Blog Topic: Pain Control and Muscle Spasm Management after Idiopathic Scoliosis Surgery
At At the last outpatient clinic visit before surgery, all patients will also have a visit with the Pediatric Anesthesia service on the same day. This group of physicians and Advanced Practice Providers (AAPs) will provide the general anesthesia (means the patient will be asleep) for the entire surgical procedure AND manage the postoperative pain and muscle spasms (by the Pain Service).
2. After surgery, the Pain Service will start its care immediately after surgery and will continue care until hospital discharge.
3. Pain management. after surgery will be a combination of opioids and non-opioid medications. By using non-opioid medications the amount of opioid medications can be minimized. The negative aspects of opioids are well-known, specifically addiction. In the short-term, after surgery, these medications also decrease breathing rate, lower blood pressure, induce nausea and vomiting and create constipation. These are all great reasons to minimize opioids, as much as possible. The below medications in our protocol work together to minimize pain and the side effects of opioids.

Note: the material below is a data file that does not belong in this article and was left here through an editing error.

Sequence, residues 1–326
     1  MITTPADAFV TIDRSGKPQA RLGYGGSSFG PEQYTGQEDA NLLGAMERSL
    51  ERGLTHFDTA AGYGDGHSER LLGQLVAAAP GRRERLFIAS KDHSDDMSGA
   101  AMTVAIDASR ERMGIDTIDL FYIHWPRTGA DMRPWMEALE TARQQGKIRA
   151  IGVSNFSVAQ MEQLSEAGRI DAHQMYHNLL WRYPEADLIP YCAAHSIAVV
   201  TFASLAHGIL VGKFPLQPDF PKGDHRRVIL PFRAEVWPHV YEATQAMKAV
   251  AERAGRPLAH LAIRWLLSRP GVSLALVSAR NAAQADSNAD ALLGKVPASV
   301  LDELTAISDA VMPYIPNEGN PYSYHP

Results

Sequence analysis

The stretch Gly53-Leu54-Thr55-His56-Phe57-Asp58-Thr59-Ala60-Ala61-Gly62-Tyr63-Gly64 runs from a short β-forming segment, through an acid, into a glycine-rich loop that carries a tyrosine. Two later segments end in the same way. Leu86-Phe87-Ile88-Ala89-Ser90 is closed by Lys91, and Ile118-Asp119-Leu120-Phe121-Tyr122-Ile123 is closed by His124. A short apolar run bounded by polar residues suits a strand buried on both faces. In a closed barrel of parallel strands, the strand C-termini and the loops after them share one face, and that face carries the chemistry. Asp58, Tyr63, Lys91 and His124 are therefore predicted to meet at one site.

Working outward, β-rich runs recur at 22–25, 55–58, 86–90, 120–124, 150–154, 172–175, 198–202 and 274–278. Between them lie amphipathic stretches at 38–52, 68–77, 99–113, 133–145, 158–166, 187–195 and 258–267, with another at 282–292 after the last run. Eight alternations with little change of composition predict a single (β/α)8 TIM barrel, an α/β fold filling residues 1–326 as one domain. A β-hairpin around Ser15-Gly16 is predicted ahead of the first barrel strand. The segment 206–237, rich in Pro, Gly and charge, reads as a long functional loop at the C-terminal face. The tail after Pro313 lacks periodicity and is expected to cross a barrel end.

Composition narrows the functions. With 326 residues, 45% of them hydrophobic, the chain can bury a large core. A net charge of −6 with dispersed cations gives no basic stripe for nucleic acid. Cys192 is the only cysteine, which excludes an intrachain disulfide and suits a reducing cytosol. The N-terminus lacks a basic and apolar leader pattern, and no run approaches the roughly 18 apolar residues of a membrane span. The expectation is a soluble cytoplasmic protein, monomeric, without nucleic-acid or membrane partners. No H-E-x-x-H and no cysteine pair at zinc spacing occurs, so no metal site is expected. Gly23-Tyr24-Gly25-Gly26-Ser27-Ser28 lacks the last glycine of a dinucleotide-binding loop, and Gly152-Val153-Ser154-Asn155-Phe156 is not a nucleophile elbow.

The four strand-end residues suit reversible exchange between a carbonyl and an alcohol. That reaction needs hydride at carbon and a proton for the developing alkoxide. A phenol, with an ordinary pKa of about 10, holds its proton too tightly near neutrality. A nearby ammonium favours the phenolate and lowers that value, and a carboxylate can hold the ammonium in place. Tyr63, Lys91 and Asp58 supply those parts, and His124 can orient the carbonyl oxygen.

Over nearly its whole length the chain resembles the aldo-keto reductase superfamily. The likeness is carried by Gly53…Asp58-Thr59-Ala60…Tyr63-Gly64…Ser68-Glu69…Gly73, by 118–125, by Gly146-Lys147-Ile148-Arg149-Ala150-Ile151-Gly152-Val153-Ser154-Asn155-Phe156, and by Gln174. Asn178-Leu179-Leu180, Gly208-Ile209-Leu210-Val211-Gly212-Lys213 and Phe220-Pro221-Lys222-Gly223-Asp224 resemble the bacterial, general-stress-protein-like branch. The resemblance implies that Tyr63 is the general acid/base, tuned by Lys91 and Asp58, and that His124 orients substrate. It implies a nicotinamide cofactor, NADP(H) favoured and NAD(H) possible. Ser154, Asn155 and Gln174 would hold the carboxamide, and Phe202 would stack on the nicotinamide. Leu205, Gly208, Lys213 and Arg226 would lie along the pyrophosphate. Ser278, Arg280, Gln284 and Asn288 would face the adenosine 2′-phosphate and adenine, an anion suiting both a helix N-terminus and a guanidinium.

i. Intravenous morphine or morphine-equivalent medication, by a device call a PCA which stands for “Patient-Controlled Analgesia”: day 0-1
ii. Oral oxycodone: days 1 to discharge
b. Use of non-opioids
i. Intravenous ketorolac: days 0-2
ii. Oral acetaminophen: days 0 to discharge
4. Muscle spasm management. Spine surgery requires operating around or through muscle, which creates swelling and secondarily muscle spasm. To minimize muscle spasm the below medication are used, and they work together with the above-mentioned pain medications to make the patients as comfortable as possible.
a. Methocarbamol: days 0-2
b. Diazepam: days 0-2
c. Flexeril: days 2+
5. Discharge (at-home treatment). The below medications are the typical medications spine patients have for pain and muscle spasm management.
a. Oral oxycodone (as needed)
b. Flexeril (as needed)
c. Acetaminophen (as needed)
6. Pain Service is available to patient/family as needed to optimize patient comfort.
7. Gradually pain and muscle spasm will resolve, with most patients using only oral acetaminophen about 2 weeks after surgery.